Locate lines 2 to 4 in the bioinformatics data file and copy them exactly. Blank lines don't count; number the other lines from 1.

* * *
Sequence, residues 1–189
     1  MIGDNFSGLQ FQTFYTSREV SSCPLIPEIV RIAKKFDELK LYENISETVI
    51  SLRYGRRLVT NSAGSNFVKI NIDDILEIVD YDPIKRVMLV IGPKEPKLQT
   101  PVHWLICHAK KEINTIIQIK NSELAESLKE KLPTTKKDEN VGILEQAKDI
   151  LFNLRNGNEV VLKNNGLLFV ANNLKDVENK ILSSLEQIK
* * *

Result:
     1  MIGDNFSGLQ FQTFYTSREV SSCPLIPEIV RIAKKFDELK LYENISETVI
    51  SLRYGRRLVT NSAGSNFVKI NIDDILEIVD YDPIKRVMLV IGPKEPKLQT
   101  PVHWLICHAK KEINTIIQIK NSELAESLKE KLPTTKKDEN VGILEQAKDI